as well as gate or transistor density. • A steady improvement in the predictability of circuit behavior. • A steady increase in the variety and size of software tools for VLSI design. The above developments have resulted in a proliferation of approaches to VLSI design. We briefly describe the procedure of automated design flow [Rabaey, Smith MJ]. The aim is more to bring out the role of a Hardware Description Language (HDL) in the design process. An abstraction based model is the basis of the automated design.
The model divides the whole design cycle into various domains. With such an abstraction through a division process the design is carried out in different layers. The designer at one layer can function without bothering about the layers above or below. The thick horizontal lines separating the layers in the figure signify the compartmentalization. As an example, let us consider design at the gate level. The circuit to be designed would be described in terms of truth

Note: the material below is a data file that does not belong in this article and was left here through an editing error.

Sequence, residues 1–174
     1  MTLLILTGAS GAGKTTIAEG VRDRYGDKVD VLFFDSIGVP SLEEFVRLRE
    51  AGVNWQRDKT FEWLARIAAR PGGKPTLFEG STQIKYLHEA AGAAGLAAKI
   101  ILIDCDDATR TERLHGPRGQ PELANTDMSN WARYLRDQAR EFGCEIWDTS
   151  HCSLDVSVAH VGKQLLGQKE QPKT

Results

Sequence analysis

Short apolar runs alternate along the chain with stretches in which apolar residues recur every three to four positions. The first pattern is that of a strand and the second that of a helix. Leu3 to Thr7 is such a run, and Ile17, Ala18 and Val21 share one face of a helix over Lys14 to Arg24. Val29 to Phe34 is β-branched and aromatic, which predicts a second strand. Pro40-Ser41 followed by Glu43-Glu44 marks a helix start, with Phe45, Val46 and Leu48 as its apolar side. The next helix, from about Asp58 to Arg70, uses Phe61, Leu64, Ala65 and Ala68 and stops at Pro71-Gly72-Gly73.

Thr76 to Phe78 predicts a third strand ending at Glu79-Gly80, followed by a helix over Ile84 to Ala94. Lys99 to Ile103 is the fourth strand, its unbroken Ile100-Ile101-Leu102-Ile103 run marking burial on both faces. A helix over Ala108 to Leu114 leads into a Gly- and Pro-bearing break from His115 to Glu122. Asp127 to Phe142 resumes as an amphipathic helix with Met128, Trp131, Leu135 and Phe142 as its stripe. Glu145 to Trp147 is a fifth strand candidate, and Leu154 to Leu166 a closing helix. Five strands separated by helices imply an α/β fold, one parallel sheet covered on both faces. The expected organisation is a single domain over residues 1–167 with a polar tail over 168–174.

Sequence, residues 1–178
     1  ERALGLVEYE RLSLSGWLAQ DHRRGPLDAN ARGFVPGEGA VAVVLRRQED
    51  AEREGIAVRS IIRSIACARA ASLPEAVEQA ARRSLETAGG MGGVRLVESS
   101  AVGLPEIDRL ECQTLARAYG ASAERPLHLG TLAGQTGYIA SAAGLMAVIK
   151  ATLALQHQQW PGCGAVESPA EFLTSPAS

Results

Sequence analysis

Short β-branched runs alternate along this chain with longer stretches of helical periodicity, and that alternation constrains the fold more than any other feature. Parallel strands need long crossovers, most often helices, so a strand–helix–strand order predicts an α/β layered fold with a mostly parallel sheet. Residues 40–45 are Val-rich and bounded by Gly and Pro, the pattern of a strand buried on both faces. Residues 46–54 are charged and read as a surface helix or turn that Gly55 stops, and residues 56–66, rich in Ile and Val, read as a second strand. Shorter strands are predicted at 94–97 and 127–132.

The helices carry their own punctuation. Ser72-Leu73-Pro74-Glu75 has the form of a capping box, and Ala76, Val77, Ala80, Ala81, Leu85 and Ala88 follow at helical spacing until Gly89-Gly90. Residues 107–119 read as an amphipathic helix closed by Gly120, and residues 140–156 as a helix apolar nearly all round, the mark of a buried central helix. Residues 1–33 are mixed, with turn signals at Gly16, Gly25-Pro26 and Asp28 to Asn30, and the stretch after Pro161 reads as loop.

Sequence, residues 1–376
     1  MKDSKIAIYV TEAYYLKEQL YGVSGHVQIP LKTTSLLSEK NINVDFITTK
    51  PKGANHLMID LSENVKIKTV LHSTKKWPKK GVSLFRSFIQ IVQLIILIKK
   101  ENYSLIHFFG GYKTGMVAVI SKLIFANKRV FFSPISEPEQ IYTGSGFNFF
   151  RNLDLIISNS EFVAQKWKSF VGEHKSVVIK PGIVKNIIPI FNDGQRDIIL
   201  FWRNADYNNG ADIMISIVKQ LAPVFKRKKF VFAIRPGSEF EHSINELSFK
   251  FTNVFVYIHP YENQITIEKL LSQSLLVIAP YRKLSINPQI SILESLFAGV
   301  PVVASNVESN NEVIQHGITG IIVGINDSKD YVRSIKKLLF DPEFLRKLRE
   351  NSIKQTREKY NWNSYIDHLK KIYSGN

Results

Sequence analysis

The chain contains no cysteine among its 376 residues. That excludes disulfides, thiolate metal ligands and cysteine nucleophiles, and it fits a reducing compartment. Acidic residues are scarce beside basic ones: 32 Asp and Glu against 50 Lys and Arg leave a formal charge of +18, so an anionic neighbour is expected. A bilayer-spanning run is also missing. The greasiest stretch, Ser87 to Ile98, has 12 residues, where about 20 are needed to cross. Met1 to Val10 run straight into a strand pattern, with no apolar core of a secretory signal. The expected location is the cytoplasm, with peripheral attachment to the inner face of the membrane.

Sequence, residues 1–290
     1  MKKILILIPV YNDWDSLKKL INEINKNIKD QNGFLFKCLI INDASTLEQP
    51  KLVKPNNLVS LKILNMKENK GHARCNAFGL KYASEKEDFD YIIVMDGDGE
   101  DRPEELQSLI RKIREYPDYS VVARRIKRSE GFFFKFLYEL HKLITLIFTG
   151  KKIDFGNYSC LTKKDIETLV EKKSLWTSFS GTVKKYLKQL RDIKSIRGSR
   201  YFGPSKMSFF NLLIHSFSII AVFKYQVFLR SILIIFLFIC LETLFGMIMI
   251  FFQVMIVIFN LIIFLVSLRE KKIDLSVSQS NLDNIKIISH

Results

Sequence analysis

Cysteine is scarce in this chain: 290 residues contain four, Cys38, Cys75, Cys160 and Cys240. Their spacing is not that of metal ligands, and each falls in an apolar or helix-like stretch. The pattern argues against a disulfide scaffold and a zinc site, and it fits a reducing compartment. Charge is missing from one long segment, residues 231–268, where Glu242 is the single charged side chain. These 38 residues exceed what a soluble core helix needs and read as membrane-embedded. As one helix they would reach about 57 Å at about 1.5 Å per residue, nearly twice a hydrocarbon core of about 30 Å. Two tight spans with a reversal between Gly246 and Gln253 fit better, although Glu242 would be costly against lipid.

tables and state tables. With these as available inputs, he has to express them as Boolean logic equations and realize them in terms of gates and flip-flops. In turn, these form the inputs to the layer immediately below. Compartmentalization of the approach to design in the manner described here is the essence of abstraction; it is the basis for development and use of CAD tools in VLSI design at various levels. The design methods at different levels use the respective aids such as Boolean equations, truth tables, state transition table, etc. But the aids play only a small role in the process. To complete a design, one may have to switch from one tool to another, raising the issues of tool compatibility and learning new environments.